5. ^ a b Lewis, Charlton T.; Short, Charles (1879). A Latin dictionary founded on Andrews' edition of Freund's Latin dictionary. Oxford: Clarendon Press. OCLC 223667500.
  6. ^ a b c Saalfeld, Günther Alexander Ernst Adolf (1884). Tensaurus Italograecus : ausführliches historisch-kritisches Wörterbuch der Griechischen Lehn- und Fremdwörter im Lateinischen. Wien: Druck und Verlag von Carl Gerold's Sohn, Buchhändler der Kaiserl. Akademie der Wissenschaften. OCLC 46301119.
  7. ^ Klein, Ernest (1971). A comprehensive etymological dictionary of the English language: Dealing with the origin of words and their sense development thus illustration the history of civilization and culture. Amsterdam: Elsevier Science B.V. OCLC 802030047.
  8. ^ The Open Court, Volume 11 (Open Court Publishing Company, 1897)
  9. ^ George A. Birmingham, From Dublin to Chicago: Some Notes on a Tour in America (George H. Doran Company, 1914)
  10. ^ Nicholson, Linda J. (1997), "Gynocentrism: women's oppression, women's identity, and women's standpoint", in Nicholson, Linda J., ed. (1997). The second wave: a reader in feminist theory (Volume 1). New York: Routledge. pp. 147–151. ISBN 9780415917612.
  11. ^ a b c Lasky, J. (2023). Gynocentrism. Salem Press Encyclopedia.
  12. ^ Daubney, Martin (November 24, 2015). "George Lawlor's story shows how universities have become hostile towards men". The Daily Telegraph. Archived from the original on April 15, 2016. Retrieved January 14, 2016.
  13. ^ Smith, C. Brian (September 28, 2016). "The straight men who want nothing to do with women". MEL Magazine. Archived from the original on February 14, 2017.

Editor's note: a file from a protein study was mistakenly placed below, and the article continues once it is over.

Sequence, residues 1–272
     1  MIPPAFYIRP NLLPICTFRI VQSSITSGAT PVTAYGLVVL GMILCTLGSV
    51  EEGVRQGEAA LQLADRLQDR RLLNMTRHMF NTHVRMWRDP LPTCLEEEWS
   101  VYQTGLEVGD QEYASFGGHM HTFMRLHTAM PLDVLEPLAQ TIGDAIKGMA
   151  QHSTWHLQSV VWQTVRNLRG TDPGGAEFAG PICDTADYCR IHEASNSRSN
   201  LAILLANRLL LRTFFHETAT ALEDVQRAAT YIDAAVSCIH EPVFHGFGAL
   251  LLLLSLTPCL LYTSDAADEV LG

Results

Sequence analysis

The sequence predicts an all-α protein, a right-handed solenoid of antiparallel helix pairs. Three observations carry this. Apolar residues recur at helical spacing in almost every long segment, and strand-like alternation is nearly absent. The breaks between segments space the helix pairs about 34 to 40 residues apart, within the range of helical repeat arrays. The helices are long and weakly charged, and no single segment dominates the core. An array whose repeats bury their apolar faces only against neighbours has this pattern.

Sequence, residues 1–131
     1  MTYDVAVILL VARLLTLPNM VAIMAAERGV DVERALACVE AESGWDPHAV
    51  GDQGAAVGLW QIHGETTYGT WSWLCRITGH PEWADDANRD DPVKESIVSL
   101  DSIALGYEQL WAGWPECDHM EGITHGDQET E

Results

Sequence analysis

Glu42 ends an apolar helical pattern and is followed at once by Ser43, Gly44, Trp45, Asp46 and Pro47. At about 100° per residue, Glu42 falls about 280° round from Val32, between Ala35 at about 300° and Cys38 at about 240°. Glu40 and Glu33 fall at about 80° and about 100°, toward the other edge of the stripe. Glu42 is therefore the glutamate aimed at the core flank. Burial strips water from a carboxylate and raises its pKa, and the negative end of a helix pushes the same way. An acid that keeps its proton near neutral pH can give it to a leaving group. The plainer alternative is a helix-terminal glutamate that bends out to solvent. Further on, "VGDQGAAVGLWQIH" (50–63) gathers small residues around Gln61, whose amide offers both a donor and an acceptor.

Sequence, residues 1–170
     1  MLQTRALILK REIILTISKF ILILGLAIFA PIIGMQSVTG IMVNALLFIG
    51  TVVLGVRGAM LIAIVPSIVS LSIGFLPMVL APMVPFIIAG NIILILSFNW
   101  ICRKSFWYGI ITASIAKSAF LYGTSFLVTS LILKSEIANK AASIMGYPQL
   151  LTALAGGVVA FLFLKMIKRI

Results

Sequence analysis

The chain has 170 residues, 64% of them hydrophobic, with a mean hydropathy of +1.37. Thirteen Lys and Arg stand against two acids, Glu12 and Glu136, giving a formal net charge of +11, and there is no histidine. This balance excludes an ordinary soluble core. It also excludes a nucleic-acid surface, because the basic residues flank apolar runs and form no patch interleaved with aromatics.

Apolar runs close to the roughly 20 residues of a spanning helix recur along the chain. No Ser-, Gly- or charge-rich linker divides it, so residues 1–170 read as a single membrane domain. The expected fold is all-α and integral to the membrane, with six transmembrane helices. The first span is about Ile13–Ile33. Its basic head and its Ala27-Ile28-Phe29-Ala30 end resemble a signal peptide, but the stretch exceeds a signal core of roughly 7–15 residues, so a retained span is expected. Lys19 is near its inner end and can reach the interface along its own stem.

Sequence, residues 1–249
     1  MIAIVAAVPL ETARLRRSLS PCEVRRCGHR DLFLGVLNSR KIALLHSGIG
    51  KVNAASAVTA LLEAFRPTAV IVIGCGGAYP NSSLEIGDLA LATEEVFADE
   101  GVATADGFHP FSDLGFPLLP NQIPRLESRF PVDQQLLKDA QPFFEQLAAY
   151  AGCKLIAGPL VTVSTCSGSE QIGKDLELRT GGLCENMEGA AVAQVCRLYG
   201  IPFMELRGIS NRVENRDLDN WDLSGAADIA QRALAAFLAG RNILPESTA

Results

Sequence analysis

14. ^ Christa Hodapp, Men's Rights, Gender, and Social Media, Lexington Books (September 5, 2017) ISBN 1498526160
  15. ^ a b Joseph-Edwards, Avis; Wallace, Wendell C. (2020-09-13). "Suffering in Silence, Shame, Seclusion, and Invisibility: Men as Victims of Female Perpetrated Domestic Violence in Trinidad and Tobago". Journal of Family Issues. 42 (8): 1805–1830. doi:10.1177/0192513x20957047. ISSN 0192-513X.
  16. ^ Wallace, W. C., Gibson, C., Gordon, N. A., Lakhan, R., Mahabir, J., & Seetahal, C. Domestic Violence: Intimate Partner Violence Victimization Non-Reporting to the Police in Trinidad and Tobago. (2019)
  17. ^ Hoff Sommers, Christina (1995), "Transforming the academy", in Hoff Sommers, Christina, ed. (May 1995). Who stole feminism?: How women have betrayed women. New York: Simon & Schuster. pp. 64–73. ISBN 9780684801568.
  18. ^ La Caze, Marguerite (2006), "Splitting the difference: between Young and Fraser on identity politics", in Burns, Lynda, ed. (2006). Feminist alliances. Amsterdam New York: Rodopi. p. 153. ISBN 9789042017283.
  19. ^ Coward, Rosalind (2000), "Introduction", in Coward, Rosalind, ed. (2000). Sacred cows: is feminism relevant to the new millennium. London: HarperCollins. p. 11. ISBN 9780006548201.
  20. ^ a b c d Nathanson, Paul; Young, Katherine K. (2006). Legalizing misandry: from public shame to systemic discrimination against men. Montreal Ithaca: McGill-Queen's University Press. pp. 58, 116, 209. ISBN 9780773559998.